10 Tips on How to Present a Presentation
How to improve your presentations and be a more effective speaker.
I think you’ll agree that public speaking and knowing how to present a presentation effectively are essential career skills.
The great news is that developing your skills to become a better speaker requires two things that anyone, including you, can acquire. Knowledge and practice.
(If you prefer to watch a video with these tips, scroll down to the bottom of the page)
1. Understand Your Audience
Who is going to be attending? What do you want them to get out of the presentation? What do they want to get out of the presentation? What do they already know about the subject? What mood are they going to be in (receptive? hostile?)? What will be their energy level (are you presenting right after lunch?)? Are you speaking in their native language? Will they understand jargon? If you’re trying to persuade them, what is their starting opinion?
Answer these questions before you sit down to start writing your presentation.
2. Have A Clear Purpose for your Presentation
Why are you speaking? What do you want to achieve? Do you want to persuade? Inform? Entertain? Motivate? What do you want as a specific outcome from the presentation? Is that realistically achievable with a single presentation? Is a presentation or speech the right format to achieve that aim? Would a written report be better, combined with a summary overview that you present?
3. Structure Your Presentation Content
Structure the presentation so that it is logical for your audience. Try to put yourself in their shoes, with their level of knowledge and understanding. Keep it simple. Unlike written material where complex detail can be re-read several times until it is understood, an audience doesn’t have that opportunity when you present.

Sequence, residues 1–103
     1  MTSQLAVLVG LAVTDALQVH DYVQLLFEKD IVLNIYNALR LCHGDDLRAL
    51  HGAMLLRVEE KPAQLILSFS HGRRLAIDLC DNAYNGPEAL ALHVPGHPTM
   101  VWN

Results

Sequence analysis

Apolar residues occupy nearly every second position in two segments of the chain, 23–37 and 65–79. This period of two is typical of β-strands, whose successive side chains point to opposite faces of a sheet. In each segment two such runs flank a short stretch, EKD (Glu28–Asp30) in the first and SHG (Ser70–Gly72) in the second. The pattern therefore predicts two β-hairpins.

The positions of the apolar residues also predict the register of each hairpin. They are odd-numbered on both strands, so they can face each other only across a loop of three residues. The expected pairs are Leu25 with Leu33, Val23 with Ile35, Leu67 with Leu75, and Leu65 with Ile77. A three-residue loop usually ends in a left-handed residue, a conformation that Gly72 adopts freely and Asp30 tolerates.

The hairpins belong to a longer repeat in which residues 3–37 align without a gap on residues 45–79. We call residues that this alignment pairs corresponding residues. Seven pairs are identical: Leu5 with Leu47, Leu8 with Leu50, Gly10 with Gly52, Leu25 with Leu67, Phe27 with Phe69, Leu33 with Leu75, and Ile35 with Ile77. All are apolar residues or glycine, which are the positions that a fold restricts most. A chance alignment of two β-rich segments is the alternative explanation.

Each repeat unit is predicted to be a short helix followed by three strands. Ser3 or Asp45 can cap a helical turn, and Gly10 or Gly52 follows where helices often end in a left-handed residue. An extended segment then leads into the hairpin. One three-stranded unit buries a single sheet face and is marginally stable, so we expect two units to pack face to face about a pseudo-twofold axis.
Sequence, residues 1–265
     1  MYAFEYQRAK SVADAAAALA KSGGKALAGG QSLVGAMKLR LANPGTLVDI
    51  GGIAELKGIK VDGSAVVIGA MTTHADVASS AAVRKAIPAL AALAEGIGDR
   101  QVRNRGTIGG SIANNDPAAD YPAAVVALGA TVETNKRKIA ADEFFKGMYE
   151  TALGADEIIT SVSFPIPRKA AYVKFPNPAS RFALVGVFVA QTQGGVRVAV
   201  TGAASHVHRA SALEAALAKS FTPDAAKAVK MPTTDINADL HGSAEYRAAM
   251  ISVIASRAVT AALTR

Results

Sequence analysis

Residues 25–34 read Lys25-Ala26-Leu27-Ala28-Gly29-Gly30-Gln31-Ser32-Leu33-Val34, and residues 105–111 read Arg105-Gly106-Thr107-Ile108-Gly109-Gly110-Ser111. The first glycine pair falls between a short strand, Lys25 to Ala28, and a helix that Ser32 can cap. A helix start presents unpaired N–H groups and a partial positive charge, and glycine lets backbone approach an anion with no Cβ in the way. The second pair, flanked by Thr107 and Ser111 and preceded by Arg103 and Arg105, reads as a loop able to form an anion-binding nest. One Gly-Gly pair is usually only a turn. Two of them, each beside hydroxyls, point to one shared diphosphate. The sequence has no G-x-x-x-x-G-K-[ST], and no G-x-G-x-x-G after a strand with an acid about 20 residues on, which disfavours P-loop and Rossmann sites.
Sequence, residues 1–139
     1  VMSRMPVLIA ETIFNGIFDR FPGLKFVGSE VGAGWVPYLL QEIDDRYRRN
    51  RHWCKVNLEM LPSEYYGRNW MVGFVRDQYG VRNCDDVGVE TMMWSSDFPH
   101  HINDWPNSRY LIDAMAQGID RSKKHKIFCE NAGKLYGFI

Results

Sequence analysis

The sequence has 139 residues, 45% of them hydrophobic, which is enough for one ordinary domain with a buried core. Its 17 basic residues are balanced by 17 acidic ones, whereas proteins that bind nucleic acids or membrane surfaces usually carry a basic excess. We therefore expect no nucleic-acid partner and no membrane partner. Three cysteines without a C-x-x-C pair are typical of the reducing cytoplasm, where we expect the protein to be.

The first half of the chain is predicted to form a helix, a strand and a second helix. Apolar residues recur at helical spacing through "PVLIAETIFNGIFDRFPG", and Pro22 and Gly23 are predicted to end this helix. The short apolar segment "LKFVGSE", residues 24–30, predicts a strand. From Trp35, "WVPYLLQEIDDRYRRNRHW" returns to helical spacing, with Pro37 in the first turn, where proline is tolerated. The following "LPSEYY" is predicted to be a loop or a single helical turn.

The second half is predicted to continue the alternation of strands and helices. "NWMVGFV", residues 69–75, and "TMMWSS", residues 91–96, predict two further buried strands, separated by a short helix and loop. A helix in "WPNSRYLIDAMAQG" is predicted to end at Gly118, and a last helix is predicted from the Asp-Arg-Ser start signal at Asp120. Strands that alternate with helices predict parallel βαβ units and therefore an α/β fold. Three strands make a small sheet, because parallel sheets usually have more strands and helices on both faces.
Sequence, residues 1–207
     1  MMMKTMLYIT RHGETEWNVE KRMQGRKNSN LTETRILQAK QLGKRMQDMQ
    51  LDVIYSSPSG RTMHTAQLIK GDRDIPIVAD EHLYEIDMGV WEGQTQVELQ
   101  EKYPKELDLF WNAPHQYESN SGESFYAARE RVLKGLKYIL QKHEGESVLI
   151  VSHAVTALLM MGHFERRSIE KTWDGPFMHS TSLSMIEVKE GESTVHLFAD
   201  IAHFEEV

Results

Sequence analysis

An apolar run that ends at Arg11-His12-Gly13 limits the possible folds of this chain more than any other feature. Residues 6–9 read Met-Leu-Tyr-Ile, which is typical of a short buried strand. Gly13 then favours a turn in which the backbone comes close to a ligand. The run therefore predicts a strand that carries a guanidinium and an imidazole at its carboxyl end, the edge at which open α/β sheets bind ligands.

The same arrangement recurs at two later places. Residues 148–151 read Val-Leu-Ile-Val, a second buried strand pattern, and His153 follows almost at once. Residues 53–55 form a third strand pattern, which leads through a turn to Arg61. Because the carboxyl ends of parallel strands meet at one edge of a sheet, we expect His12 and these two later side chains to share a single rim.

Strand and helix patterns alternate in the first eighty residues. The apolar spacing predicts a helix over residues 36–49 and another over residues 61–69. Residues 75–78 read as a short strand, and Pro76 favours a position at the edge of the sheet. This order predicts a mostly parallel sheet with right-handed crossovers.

“If you have an important point to make, don’t try to be subtle or clever. Use a pile driver. Hit the point once. Then comeback and hit it again. Then hit it a third time – a tremendous whack.” – Winston Churchill
It’s clichéd advice, but still worth repeating: “Tell them what you’re going to tell them, tell them, then tell them what you told them.”. More eloquently put: “Introduce, Expand, Summarise”.
4. Gain Attention With Your Opening
First impressions count, so don’t waste your first moments in front of the audience when you present. Think of your opening like a headline – it’s purpose is to gain attention. Match your energy level with your audience: If you’re too lethargic you’ll lose their attention right away, and it you’re too animated and enthusiastic you might alienate them. Memorise and practise your opening line so that you can say it almost without thinking. This will give you confidence when you begin your speech and create a positive impression with your audience.
5. Use Your Voice Effectively
If you’re presenting a sleep seminar, then a slow monotone voice with no variation in pace, tone, or rhythm will be perfect. For all other purposes try to liven things up a bit! This is especially important if you’re reading from prepared notes – we’re all a bit more animated when we speak spontaneously. Experiment in everyday conversation with some vocal techniques to gain practice. For a day, experiment with pauses. Another day try experimenting with tone, going deeper to make an important point for instance, or higher to convey excitement. Then another day try experimenting with pace. You’ll build your awareness and comfort, enabling you to apply these vocal variety techniques more deliberately when you speak in front of an audience.